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Oh, everyone go check out the second issue of the carnival of mathematics!

Serial: Chapter 3: C – Columbus

Isaac, dearest,

I was leaving through the recently published memoirs of Christopher Columbus (curiously written in the third person; surely such an odd style cannot have been introduced by the translator, whatever other factual errors he makes), last year, and I felt you might be amused with the following story; at least insofar as it contrasts with your recent proof of the finiteness of the the geometrical space in this universe.

Ah, no point faffing about; I will just quote the passage from near the end of the book you now

Columbus sat in his study, overlooking Cádiz, with a Bible on his desk. He stared across to the horizon, and thought.

“How terrible it must be,t o be a highly situated savage, to see the world about you to the horizon and think there nothing more, to feel one’s self trapped on so small a disk of earth”.

Though, then he fancied that maybe a normal man might be able to live feeling so encaged, but not an explorer such as he.

“God has set forth, he had been told, a bigger cage for us in which to live, many orders of magnitude larger than the disk to our horizon, yet finite nonetheless. More than enough to go on exploring for generations”, he reassured himself.

And yet, he felt he could not accept this: How could God imbue the greatest of his men with the spirit of exploration, if there might be some age, maybe in a few centuries, when there will be no to explore, to discover, to find, on this planet. He would have verify this himself, to see the edge of the world with his own eyes, or alternatively spend the rest of his life travelling farther and farther out, boundless.

With this monumental task in mind, he petitioned the king for enough gold to sail for five years continuously west and, after five years petitioning, he was granted this sum.

One year of eager preparations passed before he was ready to set sail to see if the Atlantic actually had an edge. Six months at sea and land ahoy! What joys he experienced, what vindication: some islands, then a whole new expanse of land – the Vatican said that there was nothing west of Europe: they were wrong, he now knew!

This meant for him one of two things: We live on a much, much larger world than the Vatican claim, or alternatively, and his personal theological views led him to regard this as being much more likely: the world is infinite in extent, that one can travel forever in any direction without reaching an edge – this would be the only possible world he could see god having created – otherwise what a cruel fate would await the noble pursuit of exploration!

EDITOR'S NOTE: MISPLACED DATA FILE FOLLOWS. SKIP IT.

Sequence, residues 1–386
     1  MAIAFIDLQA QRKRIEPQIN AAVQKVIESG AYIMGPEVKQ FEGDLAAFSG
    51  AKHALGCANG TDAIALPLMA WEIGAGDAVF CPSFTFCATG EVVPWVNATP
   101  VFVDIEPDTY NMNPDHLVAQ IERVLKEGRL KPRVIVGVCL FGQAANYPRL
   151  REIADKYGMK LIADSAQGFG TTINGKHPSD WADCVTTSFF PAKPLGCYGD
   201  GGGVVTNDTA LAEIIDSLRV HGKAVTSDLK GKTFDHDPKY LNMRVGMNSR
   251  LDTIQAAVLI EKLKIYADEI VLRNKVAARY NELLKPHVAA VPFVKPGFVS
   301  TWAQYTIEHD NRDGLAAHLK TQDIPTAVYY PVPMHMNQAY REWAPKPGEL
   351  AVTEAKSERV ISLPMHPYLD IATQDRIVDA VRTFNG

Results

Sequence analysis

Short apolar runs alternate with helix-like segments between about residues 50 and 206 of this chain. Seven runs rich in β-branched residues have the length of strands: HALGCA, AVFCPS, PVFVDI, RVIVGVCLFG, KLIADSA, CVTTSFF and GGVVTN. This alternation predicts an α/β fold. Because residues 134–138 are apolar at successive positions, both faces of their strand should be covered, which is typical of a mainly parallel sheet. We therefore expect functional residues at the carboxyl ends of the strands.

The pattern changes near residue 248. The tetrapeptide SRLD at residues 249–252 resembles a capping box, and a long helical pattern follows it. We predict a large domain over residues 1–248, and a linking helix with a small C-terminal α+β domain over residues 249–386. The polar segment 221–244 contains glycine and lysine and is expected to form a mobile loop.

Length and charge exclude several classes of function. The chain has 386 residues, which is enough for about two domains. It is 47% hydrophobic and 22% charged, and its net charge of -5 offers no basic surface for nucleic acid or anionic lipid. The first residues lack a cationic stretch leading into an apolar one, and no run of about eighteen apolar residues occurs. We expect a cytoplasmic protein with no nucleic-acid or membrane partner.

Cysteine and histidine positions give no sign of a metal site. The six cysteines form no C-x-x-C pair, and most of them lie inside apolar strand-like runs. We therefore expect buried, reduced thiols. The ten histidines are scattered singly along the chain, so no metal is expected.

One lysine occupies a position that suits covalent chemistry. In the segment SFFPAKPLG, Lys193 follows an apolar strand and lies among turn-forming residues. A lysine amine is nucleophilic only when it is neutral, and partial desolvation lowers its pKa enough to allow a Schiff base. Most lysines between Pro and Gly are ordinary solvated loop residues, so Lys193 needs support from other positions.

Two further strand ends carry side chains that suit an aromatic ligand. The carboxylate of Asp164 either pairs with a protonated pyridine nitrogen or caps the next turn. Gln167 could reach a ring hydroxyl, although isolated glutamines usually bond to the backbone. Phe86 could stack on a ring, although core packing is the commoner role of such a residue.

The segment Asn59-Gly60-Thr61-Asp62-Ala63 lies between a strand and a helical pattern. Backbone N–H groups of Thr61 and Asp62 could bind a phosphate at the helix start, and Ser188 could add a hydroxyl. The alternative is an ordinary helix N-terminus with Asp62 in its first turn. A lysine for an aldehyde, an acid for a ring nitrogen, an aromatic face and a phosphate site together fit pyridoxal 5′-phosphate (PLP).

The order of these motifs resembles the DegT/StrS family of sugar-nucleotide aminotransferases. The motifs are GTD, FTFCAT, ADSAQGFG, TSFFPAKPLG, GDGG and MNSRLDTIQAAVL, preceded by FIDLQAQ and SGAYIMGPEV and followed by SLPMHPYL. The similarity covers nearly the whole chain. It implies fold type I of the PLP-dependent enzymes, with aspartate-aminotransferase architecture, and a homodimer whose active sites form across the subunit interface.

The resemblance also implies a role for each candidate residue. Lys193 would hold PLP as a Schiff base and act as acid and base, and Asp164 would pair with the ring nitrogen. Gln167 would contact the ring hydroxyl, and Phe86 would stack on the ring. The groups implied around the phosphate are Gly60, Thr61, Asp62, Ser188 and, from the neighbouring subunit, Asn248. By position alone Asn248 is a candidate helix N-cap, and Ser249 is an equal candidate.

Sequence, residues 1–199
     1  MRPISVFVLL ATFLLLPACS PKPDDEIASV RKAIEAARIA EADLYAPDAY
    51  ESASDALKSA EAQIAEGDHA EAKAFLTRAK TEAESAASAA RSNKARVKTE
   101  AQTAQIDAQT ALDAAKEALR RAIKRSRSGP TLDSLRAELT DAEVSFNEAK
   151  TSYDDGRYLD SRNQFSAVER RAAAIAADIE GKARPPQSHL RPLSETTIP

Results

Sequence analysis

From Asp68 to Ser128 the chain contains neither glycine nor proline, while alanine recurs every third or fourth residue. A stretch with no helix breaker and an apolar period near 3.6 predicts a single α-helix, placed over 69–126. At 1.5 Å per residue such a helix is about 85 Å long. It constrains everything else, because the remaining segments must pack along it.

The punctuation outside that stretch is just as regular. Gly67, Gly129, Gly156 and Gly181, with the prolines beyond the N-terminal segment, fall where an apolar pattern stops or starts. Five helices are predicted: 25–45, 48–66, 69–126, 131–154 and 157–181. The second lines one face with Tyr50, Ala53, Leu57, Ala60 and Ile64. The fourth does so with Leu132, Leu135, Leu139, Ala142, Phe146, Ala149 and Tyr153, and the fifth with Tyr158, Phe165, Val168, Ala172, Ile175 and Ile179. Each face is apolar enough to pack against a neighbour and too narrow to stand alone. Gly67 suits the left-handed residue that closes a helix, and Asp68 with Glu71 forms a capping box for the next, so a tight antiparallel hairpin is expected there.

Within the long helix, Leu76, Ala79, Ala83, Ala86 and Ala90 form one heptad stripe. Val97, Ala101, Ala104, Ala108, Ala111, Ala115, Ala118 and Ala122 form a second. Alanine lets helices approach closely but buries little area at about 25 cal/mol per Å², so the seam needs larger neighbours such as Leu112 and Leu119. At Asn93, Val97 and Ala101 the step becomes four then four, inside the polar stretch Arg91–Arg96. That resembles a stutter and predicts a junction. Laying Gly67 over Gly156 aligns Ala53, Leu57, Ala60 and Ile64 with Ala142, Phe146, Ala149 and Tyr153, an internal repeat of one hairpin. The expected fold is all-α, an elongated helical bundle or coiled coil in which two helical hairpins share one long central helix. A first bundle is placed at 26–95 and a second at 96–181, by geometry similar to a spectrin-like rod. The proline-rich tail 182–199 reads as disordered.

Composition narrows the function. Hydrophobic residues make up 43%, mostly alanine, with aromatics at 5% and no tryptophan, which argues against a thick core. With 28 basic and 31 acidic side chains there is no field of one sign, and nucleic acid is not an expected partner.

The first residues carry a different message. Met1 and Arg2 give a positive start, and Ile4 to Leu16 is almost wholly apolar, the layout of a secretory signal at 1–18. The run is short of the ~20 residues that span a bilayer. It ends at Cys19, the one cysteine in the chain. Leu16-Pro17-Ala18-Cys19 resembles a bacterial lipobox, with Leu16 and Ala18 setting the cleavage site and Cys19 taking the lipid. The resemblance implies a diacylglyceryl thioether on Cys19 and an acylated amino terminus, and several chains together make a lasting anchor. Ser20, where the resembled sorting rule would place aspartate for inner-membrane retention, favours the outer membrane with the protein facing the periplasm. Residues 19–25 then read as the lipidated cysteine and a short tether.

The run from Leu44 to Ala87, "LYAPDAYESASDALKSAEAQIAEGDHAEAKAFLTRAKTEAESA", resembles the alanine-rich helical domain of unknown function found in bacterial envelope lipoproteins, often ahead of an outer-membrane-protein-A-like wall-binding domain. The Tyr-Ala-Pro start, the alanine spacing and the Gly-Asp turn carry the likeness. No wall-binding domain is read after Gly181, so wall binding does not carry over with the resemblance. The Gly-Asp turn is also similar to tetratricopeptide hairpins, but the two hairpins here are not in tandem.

Okay, so here there’s a big chapter about America, which I’m not going to quote for you in full, but essentially what happens is that I decide that I must move south along the coast, because, even if it does go on forever in both directions, the only alternative is to give up and go back and there’s no way I’m gonna do that. So we travel down around, and west for a few more months, until hitting land again. Bang. And they anchor. And, lo, what’s this? A VILLAGE. Sweet. Then:

Shortly after entering the village, he found that he himself did find the people look quite familiar, some words of their language, their customs, from his travels east of India; had these people, from the other side of Europe, travelled here first, made these vast journeys? The very notion seemed impossible; the Indians and Chinese hated sailing, he knew. And yet, as his crew went further inland, he began to find more and more similarities until there was no doubt left: they were in China.

This world repeated itself then, he realized – it was not Rome’s disk, nor was it an explorer’s world – “What a cruel trick to play”, he thought “To think, if you had a powerful enough telescope you might catch sight of yourself, looking away, that the world was, despite all of it’s illusions, really finite in extent; that one might still sail west forever, but never come across anything new, that the world was finite – there were no barriers to travel, but, nonetheless, there was only a finite amount to discover in it – how cruel a discovery for an explorer to have make!

Of course, *everyone* knows that Galileo believed the earth to be shaped like an aubergine. So this casts everything, really, in to the most terrible of doubts, don’t you think? But then again, it is a charming story, neh?

Anyway, I hope to see you in the new year.

Yours,

xxx

Nicolas

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